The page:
Bristol's ‘Diversity’ discussion brings debate and discord

Residents asking town to form new ‘Diversity and Inclusion’ committee hear mixed reactions

By Scott Pickering
Posted 10/7/20

A group of private citizens has asked the Town of Bristol to send a strong message about diversity and inclusion by forming a new committee. Their request touched off a lengthy and at times emotional …

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Bristol's ‘Diversity’ discussion brings debate and discord

Residents asking town to form new ‘Diversity and Inclusion’ committee hear mixed reactions


A group of private citizens has asked the Town of Bristol to send a strong message about diversity and inclusion by forming a new committee. Their request touched off a lengthy and at times emotional discussion during the Sept. 30 Bristol Town Council meeting.

Brought by spokesman Rob Hancock on behalf of a group that includes about a dozen residents, the request is to form a new Committee on Diversity, Equity, and Inclusion that would have a formal role in town government. Though its exact structure was not clear during the meeting, Mr. Hancock and others said the new committee would have strictly an advisory role, helping the town develop “inclusive and equitable policies” throughout government.

In the end, the town council voted unanimously to defer the request for now, to give Mr. Hancock time to meet with the town’s solicitor and draft a more detailed description for the committee and its role. That followed a very mixed reaction from town councilors, as well as strong statements both for and against by more than a dozen residents.

‘Welcoming and inclusive’

In introducing the concept during the meeting held via Zoom, Mr. Hancock said, “I know of black residents in our town who feel like they don’t belong here or are welcome in our community … I know of women who have faced harassment, online and in the community … I want to stand with these residents and say ‘that’s not the Bristol we want to be.’ ”

In addition to advising the town on policies and standards, the committee would also work to plan outreach events and community programs.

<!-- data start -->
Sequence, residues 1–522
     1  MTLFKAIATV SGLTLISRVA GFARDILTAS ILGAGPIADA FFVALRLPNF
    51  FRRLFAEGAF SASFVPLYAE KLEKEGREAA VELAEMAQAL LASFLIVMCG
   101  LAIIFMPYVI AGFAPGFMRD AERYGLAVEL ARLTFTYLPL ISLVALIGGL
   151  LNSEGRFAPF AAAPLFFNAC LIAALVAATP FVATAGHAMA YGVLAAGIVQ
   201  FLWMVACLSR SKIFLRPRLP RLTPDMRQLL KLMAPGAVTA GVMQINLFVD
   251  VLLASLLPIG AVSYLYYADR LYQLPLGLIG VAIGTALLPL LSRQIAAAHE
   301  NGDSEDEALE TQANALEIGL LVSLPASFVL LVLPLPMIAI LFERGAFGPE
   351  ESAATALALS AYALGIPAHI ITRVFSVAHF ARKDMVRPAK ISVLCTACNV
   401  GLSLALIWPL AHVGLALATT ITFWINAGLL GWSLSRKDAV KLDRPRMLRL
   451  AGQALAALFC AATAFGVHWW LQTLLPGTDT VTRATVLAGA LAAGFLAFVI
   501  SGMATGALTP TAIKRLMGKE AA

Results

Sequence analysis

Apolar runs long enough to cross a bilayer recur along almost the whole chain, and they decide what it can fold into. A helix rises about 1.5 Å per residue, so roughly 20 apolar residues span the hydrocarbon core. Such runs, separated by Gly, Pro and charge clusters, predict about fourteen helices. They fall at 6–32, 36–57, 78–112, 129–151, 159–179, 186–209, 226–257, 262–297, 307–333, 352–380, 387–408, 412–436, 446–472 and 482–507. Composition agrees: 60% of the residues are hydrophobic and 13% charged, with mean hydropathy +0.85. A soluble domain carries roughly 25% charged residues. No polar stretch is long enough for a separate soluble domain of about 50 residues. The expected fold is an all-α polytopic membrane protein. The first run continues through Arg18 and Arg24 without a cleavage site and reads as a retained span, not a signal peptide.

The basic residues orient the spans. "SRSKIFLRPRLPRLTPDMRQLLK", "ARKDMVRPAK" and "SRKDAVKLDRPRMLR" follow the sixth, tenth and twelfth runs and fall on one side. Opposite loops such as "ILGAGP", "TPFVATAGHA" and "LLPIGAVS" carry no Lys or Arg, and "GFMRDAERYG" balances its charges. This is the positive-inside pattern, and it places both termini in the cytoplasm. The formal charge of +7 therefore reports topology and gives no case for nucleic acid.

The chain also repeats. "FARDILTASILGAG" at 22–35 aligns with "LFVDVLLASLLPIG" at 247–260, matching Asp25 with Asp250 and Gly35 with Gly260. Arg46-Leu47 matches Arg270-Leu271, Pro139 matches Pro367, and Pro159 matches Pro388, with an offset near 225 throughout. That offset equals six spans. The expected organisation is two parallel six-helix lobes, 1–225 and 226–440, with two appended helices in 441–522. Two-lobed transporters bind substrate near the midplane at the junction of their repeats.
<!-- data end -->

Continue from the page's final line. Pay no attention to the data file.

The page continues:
Councilors Tim Sweeney and Aaron Ley were enthusiastic supporters of the concept. Mr. Sweeney said, “I think it’s important that we send a positive message that we’re welcoming and open to all.”

Mr. Ley said, “Over the past few months, I think we’ve experienced an awakening that has caused many of us to look around … I’ve listened in horror to personal stories, told by neighbors of diverse backgrounds, that suggest to me that our work is not yet done.” He suggested that making Bristol more “welcoming and inclusive” can have economics benefits, with enhanced tourism and a stronger sense of community.

An immigrant community

Two town councilors were not as enthusiastic. Councilor Mary Parella had a lot of questions about how the group would operate, how it would be appointed, the authority it would have and the role it would play. Warning that it could become a committee that “will tell us what we’re doing wrong, and how to fix it,” she said, “I’d like more explanation. I don’t feel like this proposal is done.”

The group proposed that the town council appoint the chairman and vice chairman of this new committee, and then the committee itself will recruit and appoint its other members. Ms. Parella didn’t agree with that program.

“This committee is being portrayed as something everyone is going to feel good about it, and everyone will be happy about, and you want the town to support it, but the town’s not going to appoint the members. That’s not consistent with how things are done,” she said.

“What do you actually want? And what are you actually requesting? … I don’t think that’s an unfair question.”

After Mr. Hancock responded to some of her questions, Ms. Parella expanded on some of her feelings. She talked about missing the many festivals that were canceled this summer because of Covid-19 and suggested that Bristol already has a very diverse profile that celebrates different cultures and people.

Talking about Bristol’s history of Italian and Portuguese festivals, she said, “A lot of this goes on in town already … And it’s organized by their own groups. And they want to educate people about their culture, or tell their immigration story.”

Councilor Tony Teixeira briefly told his own immigrant story, about coming here to Bristol in 1970, saying it was not always easy but today, “I feel very welcome here.” He also said that diversity or inclusion problems have never been a concern in the past. “We’ve never faced any of these issues in all our years on the council,” he said.

He concluded that the proposal needs more work before he could consider endorsing it.

A board seeking ‘divisiveness’?

Before opening the topic to public discussion, Council Chairman Nathan Calouro invited Town Administrator Steven Contente to speak. The administrator was very skeptical of the committee’s potential role and impact.

“I hope this doesn’t create divisiveness that we don’t typically see.

We have a state-approved affirmative action plan. Our highest-paid town employees is a female. We have various orientations among our town employees. Our police department has just finished a very well thought out diversity plan. I think our police department is very well regarded … They do a great job, and even for those who don’t agree with law and order, they will respond. I just hope that we really identify what the issues are here in Bristol, and we’re not looking for issues that aren’t here,” he said. “I say that as a son of an immigrant who came here with no money. I am proud of the town of Bristol … I hope this doesn’t become a divisive board. I hope that it is well intended.”

Speaking in favor